In June, after more than ten years in the corps de ballet, Chinese ballet dancer Zhong-Jing Fang was promoted to the rank of soloist at American Ballet Theatre (ABT). Fang, who grew up in Shanghai and trained at the Shanghai Ballet School, has previously won the prestigious Prix de Lausanne and the Helsinki International Ballet Competition. As one of several prominent Asian dancers in the United States, her success points to the importance of ballet as a medium of cultural exchange.
Asian dancers, such as San Francisco Ballet’s Yuan Yuan Tan, American Ballet Theatre’s Hee Seo, and the Houston Ballet’s Yuriko Kajiya, have become audience favorites all over the United States. However, in the ballet world, institutional barriers such as accessibility and and deeply-ingrained racial bias still pose challenges for many people of color; these difficulties are especially pronounced for African American dancers. Misa Kuranaga, the first Asian woman to be named Principal Dancer at Boston Ballet, wrote that she faced obstacles both because of her petite stature, which was not a weakness in Japan, and because, as she put it, “the biggest stereotype for Asians in the dance world is that we are poor actors because of the shape of our face and our reserved temperament.” As such, when Asian and Asian American dancers succeed in the United States, they break barriers and show young Asian American dancers that they, too, can succeed.
Ballet is not only a medium of exchange at the professional level; it has also become a source of student exchange between the United States and Asia. Programs like Long Beach Ballet’s China Collaborative Summer Intensive bring American ballet students to China every summer. Program participants begin with three weeks in California, then travel to Guangzhou, China, where they spend two weeks studying ballet and classical Chinese dance. The program culminates in a performance featuring Long Beach Ballet intensive participants and their Chinese counterparts.
Additionally, Youth America Grand Prix (YAGP), America’s most prestigious youth ballet competition, hosts semi-finals in Japan, China, Korea, and Australia. Those who place highly in these competitions have the opportunity to compete in the Finalist round in New York City, where many earn scholarships to pursue summer or long-term ballet training in elite American conservatories. In 2018, 18 dancers from Asia earned top awards in individual categories, and several Asian schools placed in group and partner categories. Competitions like YAGP are among the primary avenues through which Asian dancers find training opportunities in America; as a result, Asian dance students are typically well-represented at summer programs throughout the country.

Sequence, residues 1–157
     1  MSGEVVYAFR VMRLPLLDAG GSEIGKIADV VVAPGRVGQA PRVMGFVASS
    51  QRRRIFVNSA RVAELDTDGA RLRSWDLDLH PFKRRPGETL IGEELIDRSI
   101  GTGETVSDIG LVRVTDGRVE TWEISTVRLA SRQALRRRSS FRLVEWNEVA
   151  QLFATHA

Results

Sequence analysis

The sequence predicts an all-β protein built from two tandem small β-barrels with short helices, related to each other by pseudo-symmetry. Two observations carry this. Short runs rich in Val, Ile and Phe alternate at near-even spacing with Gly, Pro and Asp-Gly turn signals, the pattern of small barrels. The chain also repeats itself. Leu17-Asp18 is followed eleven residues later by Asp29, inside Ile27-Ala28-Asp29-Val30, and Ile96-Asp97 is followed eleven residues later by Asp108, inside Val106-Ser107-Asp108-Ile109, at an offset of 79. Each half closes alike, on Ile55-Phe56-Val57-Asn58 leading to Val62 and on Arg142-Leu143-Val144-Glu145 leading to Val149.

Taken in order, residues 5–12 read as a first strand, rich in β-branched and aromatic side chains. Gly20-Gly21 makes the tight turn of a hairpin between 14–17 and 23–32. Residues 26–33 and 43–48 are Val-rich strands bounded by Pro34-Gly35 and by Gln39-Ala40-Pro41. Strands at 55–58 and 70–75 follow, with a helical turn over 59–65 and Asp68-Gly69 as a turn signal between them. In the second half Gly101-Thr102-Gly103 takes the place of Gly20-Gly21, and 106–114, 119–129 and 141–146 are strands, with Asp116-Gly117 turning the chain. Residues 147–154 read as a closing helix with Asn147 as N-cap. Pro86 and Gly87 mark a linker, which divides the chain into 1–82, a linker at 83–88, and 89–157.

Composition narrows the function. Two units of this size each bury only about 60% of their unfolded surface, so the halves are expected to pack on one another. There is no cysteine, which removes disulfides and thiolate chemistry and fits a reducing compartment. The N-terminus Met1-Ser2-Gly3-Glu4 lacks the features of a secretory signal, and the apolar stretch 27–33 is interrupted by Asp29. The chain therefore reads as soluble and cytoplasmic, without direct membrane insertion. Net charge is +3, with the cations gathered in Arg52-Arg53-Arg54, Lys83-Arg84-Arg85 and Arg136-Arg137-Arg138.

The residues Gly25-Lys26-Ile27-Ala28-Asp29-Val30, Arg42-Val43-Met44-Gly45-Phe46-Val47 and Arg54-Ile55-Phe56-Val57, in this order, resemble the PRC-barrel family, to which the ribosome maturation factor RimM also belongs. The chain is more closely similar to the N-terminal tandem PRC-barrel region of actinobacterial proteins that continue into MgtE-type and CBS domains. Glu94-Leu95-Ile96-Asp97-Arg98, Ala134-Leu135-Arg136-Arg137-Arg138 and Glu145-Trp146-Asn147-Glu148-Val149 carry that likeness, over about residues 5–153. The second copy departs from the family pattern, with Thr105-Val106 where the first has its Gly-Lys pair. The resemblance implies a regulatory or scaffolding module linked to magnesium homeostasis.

Ballet’s worldwide popularity has made it an ideal medium of cultural exchange. Not only has it brought a number of talented Asian artists to the United States, but it has also provided opportunities for American students to work closely with like-minded counterparts from Asia. Some, like Fang, will go on to achieve their dreams of dancing in prestigious companies, and inspire generations to come. Many others, however, will never dance professionally. Instead, they will carry with them the memories of the people-to-people connections they built during their training.
Elizabeth Smith is a Research Intern at the East-West Center. She has recently finished her coursework at the University of Chicago, and will be studying at the Inter-University Center in Yokohama next year as a Boren Scholar. She has studied classical ballet in Paris and Kyoto.